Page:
16 February to 22 February 2009

Leopard Diaries

A word from our rangers.

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16 February to 22 February 2009

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16 February to 22 February 2009


Summer is truly at its peak here at Simbambili, we have recorded an average daytime temperature through the week of 36 degrees Celsius, with some very hot afternoons. The bush is unbelievably lush and with the prospect of further rainfall next week, the natural pans and waterholes will be filled well into the dry season.


Our guests have  been treated to some spectacular game viewing this week with numerous leopard sightings, three of the Mapogo male lions moving into our traverse area and large herds of elephant present on the property.

The Mapogo male lions moved onto the property on Tuesday morning and were found resting in a Silver Terminalia thicket. Later that evening we watched as they moved further west, scent marking along the road. They continued on their territorial patrol and moved out of the area in the early hours of the morning.


The leopardess Ntima, was found early one morning after an early rain shower moving along Seepline road, patrolling and scent marking her territorial boundaries. What excited the guides however is that she appeared to be lactating and on closer inspection there were definite signs that she is suckling 2 cubs! These cubs could only have been born a few days earlier as she was seen last week still carrying cubs. The guides cannot wait to see these new arrivals to the already flourishing leopard population here at Simbambili. 


Elephants have been seen in large numbers with a number of different herds being present. We were treated to a fantastic sighting of a very young elephant calf as it moved with its mother and her herd through the Manyeleti River. We estimated the calf to be approximately 2 weeks old!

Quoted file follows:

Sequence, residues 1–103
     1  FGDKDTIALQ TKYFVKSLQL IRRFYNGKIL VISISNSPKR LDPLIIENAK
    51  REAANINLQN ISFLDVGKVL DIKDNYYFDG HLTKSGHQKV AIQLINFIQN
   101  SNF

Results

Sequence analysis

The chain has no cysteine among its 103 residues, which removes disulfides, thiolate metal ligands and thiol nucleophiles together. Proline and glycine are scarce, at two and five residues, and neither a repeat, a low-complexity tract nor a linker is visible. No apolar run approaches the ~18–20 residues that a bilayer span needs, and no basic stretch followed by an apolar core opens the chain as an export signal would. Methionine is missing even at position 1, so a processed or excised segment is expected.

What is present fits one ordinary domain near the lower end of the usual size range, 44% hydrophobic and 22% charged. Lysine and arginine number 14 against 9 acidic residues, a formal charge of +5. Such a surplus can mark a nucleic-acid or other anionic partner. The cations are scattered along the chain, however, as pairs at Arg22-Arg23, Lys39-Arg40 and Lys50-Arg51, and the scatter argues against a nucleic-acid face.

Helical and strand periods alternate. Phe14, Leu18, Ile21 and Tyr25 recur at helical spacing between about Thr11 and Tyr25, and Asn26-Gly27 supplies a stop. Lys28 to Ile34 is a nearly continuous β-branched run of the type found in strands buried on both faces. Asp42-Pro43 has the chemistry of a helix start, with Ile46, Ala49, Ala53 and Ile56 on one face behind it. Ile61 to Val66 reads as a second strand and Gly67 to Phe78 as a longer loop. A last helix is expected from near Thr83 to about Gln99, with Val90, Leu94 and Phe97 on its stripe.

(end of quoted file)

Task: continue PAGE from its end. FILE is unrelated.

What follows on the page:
The sighting of the week however was something rather special! We woke to a mist shrouded reserve and departed on game drive and before long had managed to find some fresh male leopard tracks. We continued on the tracks and they moved into an Safari Open Area, as we approached the area, a call came over radio, saying that the alarm calls of impala and vervet monkeys could be heard nearby. As we approached another guide who had heard the alarm calls, called to let us know he had found Mafufunyane, the large leopard tom. We watched as he scent marked on some nearby trees. It was then that a second leopard was spotted in the same area. This leopardess turned out to be Safari, the old female leopard. We followed her through the bush and as we watched her move through a large Bushwillow thicket we spotted a third leopard!! This turned out to be Tyson, another large territorial male leopard. 2 male leopards and a leopardess in the same sighting, trying to find one leopard is challenge enough, here we had found three of these exquisite cats within metres of each other!!


We deduced that Safari was coming into oestrus after losing a litter of cubs recently and had attracted the attention of both resident male leopards who appear to have been involved in a fight. Tyson was sporting a wound on the back of his neck. We stayed with the leopards for most of the morning, Tyson moved away heading back to his territory in the western part of the reserve. Safari climbed up into the branches of a large Marula tree and spent the rest of the morning hissing and growling at Mafufunyane who lay patiently underneath the tree before he too moved away after having all of his advances met with aggression from Safari.





The Simbambili Team



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